I am still optimistic about running on Monday. However no matter how good I feel at the start I feel I might be playing the waiting game.....will it be Mile 7 or mile 12 or will I last until mile 19 or 22 before my Soleus tell commands me!!!. Hopefully it will be the extrapolated mile 28.
Stretching, strengthening and a bit of hot/cold therapy is the order of the day. I have another Physio session on Friday which will inform me more. Until then..............

Thursday, 18 October 2007

The Hard Way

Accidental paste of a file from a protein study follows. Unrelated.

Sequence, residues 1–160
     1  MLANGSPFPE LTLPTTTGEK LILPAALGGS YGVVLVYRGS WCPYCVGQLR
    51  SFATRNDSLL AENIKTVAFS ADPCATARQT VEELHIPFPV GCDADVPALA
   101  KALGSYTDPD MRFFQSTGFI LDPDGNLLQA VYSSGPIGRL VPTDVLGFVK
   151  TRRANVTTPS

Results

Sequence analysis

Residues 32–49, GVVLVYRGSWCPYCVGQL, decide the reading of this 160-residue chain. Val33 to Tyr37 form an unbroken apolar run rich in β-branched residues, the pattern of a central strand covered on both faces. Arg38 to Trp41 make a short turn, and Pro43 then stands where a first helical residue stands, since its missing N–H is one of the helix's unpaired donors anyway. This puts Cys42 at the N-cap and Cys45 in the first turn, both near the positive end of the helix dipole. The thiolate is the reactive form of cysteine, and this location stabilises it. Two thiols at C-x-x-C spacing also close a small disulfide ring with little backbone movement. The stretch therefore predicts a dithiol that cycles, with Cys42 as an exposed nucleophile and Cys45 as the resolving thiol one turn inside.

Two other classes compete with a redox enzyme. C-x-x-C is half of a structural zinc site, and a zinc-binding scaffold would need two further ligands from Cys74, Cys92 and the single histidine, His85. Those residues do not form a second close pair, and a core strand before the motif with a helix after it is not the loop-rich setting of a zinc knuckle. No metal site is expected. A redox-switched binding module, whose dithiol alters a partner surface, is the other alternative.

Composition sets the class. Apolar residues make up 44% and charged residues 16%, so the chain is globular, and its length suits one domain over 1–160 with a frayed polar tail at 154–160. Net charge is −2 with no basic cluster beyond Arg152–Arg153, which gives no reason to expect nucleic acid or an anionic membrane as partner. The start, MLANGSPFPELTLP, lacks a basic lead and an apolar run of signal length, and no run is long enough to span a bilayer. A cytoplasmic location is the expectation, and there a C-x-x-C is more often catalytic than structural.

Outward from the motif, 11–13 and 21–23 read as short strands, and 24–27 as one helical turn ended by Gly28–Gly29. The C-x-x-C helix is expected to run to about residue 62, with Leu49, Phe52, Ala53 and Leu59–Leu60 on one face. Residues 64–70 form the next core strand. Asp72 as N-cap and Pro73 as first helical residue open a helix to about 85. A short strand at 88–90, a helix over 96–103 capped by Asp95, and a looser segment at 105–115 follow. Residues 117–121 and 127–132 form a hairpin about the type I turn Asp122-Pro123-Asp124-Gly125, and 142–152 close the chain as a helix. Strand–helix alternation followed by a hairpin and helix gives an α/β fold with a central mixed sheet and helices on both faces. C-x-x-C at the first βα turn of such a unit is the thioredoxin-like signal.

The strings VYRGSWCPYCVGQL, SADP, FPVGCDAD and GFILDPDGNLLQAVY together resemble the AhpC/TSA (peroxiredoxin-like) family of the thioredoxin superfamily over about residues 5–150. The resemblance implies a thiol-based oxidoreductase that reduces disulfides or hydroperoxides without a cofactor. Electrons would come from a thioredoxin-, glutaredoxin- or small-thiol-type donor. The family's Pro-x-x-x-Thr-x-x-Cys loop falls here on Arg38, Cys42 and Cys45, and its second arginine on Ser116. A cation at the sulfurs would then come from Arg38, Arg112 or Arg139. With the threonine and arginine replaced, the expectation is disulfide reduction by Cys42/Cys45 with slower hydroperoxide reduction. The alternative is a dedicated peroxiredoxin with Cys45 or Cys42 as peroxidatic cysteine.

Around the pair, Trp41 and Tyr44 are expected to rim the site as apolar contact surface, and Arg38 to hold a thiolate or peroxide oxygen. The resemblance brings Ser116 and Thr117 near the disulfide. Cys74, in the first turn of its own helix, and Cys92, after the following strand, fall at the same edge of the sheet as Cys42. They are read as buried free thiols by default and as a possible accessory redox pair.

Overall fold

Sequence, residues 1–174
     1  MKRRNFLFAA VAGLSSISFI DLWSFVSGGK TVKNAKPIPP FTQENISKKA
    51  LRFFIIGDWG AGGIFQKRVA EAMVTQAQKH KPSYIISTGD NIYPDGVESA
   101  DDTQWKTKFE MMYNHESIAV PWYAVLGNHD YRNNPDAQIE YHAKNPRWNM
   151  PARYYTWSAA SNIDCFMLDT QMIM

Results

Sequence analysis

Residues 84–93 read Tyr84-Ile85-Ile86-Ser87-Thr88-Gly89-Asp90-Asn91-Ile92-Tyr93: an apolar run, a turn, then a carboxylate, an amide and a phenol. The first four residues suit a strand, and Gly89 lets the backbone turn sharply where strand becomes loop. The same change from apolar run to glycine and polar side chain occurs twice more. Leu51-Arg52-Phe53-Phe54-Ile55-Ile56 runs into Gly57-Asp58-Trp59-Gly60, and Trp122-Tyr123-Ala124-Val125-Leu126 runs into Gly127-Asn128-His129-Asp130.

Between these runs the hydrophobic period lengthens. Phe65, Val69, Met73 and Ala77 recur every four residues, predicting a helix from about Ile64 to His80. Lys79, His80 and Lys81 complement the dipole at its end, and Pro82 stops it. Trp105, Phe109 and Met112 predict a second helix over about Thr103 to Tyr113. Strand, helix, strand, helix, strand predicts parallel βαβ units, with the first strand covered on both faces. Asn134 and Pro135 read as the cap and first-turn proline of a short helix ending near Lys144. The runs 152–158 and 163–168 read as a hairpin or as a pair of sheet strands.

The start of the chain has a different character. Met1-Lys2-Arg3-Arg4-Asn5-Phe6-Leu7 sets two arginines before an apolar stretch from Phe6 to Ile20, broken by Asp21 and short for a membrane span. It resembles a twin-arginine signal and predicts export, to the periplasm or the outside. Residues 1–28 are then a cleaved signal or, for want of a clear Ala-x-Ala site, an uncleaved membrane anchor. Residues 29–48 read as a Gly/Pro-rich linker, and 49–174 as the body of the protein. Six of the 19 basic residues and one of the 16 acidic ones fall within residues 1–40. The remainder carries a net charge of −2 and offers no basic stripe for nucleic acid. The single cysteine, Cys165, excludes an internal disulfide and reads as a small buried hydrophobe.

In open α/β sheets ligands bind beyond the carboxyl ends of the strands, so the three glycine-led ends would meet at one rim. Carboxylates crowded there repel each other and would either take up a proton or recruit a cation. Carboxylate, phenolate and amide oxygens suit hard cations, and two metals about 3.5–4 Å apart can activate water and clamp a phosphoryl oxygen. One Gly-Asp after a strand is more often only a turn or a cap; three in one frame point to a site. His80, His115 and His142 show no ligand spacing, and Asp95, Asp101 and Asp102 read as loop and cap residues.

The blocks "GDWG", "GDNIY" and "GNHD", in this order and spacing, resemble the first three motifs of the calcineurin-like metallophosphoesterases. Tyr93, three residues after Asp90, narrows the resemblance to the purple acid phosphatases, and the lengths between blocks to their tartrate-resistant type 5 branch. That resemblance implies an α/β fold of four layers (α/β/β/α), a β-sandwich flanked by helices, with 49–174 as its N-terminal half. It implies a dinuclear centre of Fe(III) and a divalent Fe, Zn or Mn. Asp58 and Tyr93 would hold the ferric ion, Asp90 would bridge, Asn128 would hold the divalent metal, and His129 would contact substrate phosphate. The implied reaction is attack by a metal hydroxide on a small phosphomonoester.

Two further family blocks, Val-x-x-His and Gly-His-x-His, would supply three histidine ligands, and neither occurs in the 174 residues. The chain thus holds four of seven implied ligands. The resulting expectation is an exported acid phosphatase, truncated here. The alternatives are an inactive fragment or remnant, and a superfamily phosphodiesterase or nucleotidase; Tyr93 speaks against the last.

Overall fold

My dad used always tell me when I was young that there was and easy and hard way to do things - the lesson being that I tended to choose the hard way. This attitude appears to have transferred to my running - I'd rather test myself to near destruction to get feedback on my fitness as opposed to waiting until race day when I really need to pull out all the stops. After Sunday's poor run I took things easy. My calves felt fine Monday and Tuesday. I went to the track on Tuesday evening with the intention of doing an easy warmup and if that went ok to ease up the pace - if there was any sign of tightness I would ease off the gas and revert to gentle running. The warmup mile went fine, no niggles - so I eased up the pace and went for interval pace (06:00 to 06:10 min/mile) I completed 1 lap in lane 3 (416m in 1;32 = 05:56 pace) but eased off as I felt the onset of tightness in my left calf - certainly an improvement since Sunday but more to go. I eased back into an easy pace and completed 5 miles in total. The most discomfort I had came from heartburn ( I had a large lunch and big dessert in the middle of the day, something I'm not used to - I'd want to get my diet sorted in the run up to the marathon) This evening I decided to give one final go at an interval session, if the legs were up to it, still 11 days out from the marathon so recovery should not be an issue. I decided to stay away from the track because if I had to revert to easy running i'd prefer to run on the road. I intended to run a loop of 11.4 miles with some fast intervals/fartleks, calves permitting. I wouldn't have the track to guide my pace but I didn't mind. I warmed up over a mile and stretched, no problems. I continued at a reasonably brisk pace covering another 2 plus miles before reaching the straight road where I would commence the fast legs. I felt like one of those energetic puppies released from its lead - full of energy and rearing to go - my pace was certainly under 08:00 mins/mile. Unfortunately I was soon to discover that I shared some other traits prevalent in young canines - no sense. I eased up the pace to interval speed over a set distance (measured on Google Earth later). The pace was hard but comfortable and there was no trouble with my calves - I did fell a slight tightness when I eased up towards the end and thought of completing the remainder of the run at an easy pace - the interval measured 1,320m in 05:03 (6:10 pace - right on target). I jogged on for another 500m or so, until the lure of speed came back to me and I went for another shorter interval - again the pace was hard but comfortable and I was aware of a slight tightness in my right calf - "better not risk it - this is my last interval". As I approached the end - 20 m to go - the tightness got worst and I eased up and stretched. The second interval measured 920m in 03:32 (06:12 pace). The tightness in my left calf did not ease so I did a u-turn and headed for home - "Should have went to the track - at least I could have stopped and went home". The pace certainly was much slower on the return leg and my left calf is fairly stiff as I write this post. In a weird sort of way I am happy I did the run as I got my need for feedback on my performance out of the way and I can now recover over the next 11 days - no more recklessness, I promise. Tue - 5.05 Miles in 41:36 (08:14 pace @ 131 HR) with 0.26 miles @ 05:56 Thur - 10.4 Miles in 1:22:19 (07:55 pace @ 144 HR) Out in 07:11 pace & back in 08:38 pace)